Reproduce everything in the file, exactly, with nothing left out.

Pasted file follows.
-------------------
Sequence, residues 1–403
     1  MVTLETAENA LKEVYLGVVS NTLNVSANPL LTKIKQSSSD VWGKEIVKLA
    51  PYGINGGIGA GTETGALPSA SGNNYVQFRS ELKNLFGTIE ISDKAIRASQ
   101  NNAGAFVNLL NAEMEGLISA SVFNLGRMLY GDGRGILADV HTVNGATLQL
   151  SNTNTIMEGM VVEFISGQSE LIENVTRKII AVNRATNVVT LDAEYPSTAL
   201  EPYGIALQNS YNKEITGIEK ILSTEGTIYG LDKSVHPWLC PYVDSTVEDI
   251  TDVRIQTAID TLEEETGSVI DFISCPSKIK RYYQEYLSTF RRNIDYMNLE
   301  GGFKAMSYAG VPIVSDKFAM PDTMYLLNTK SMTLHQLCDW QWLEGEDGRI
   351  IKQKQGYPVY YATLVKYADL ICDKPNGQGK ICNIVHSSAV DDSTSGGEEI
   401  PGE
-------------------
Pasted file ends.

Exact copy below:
Sequence, residues 1–403
     1  MVTLETAENA LKEVYLGVVS NTLNVSANPL LTKIKQSSSD VWGKEIVKLA
    51  PYGINGGIGA GTETGALPSA SGNNYVQFRS ELKNLFGTIE ISDKAIRASQ
   101  NNAGAFVNLL NAEMEGLISA SVFNLGRMLY GDGRGILADV HTVNGATLQL
   151  SNTNTIMEGM VVEFISGQSE LIENVTRKII AVNRATNVVT LDAEYPSTAL
   201  EPYGIALQNS YNKEITGIEK ILSTEGTIYG LDKSVHPWLC PYVDSTVEDI
   251  TDVRIQTAID TLEEETGSVI DFISCPSKIK RYYQEYLSTF RRNIDYMNLE
   301  GGFKAMSYAG VPIVSDKFAM PDTMYLLNTK SMTLHQLCDW QWLEGEDGRI
   351  IKQKQGYPVY YATLVKYADL ICDKPNGQGK ICNIVHSSAV DDSTSGGEEI
   401  PGE